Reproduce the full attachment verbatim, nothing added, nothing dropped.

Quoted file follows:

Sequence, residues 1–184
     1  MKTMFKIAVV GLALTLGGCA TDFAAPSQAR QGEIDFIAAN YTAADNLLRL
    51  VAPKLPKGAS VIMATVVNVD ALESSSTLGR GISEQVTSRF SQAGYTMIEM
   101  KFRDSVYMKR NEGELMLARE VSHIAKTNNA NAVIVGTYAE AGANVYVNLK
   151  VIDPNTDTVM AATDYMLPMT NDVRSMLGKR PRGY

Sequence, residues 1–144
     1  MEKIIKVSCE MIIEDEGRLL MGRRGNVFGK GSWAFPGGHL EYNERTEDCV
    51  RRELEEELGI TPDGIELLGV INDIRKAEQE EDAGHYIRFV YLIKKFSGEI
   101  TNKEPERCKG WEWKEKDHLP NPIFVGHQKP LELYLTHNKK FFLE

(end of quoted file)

Sequence, residues 1–184
     1  MKTMFKIAVV GLALTLGGCA TDFAAPSQAR QGEIDFIAAN YTAADNLLRL
    51  VAPKLPKGAS VIMATVVNVD ALESSSTLGR GISEQVTSRF SQAGYTMIEM
   101  KFRDSVYMKR NEGELMLARE VSHIAKTNNA NAVIVGTYAE AGANVYVNLK
   151  VIDPNTDTVM AATDYMLPMT NDVRSMLGKR PRGY

Sequence, residues 1–144
     1  MEKIIKVSCE MIIEDEGRLL MGRRGNVFGK GSWAFPGGHL EYNERTEDCV
    51  RRELEEELGI TPDGIELLGV INDIRKAEQE EDAGHYIRFV YLIKKFSGEI
   101  TNKEPERCKG WEWKEKDHLP NPIFVGHQKP LELYLTHNKK FFLE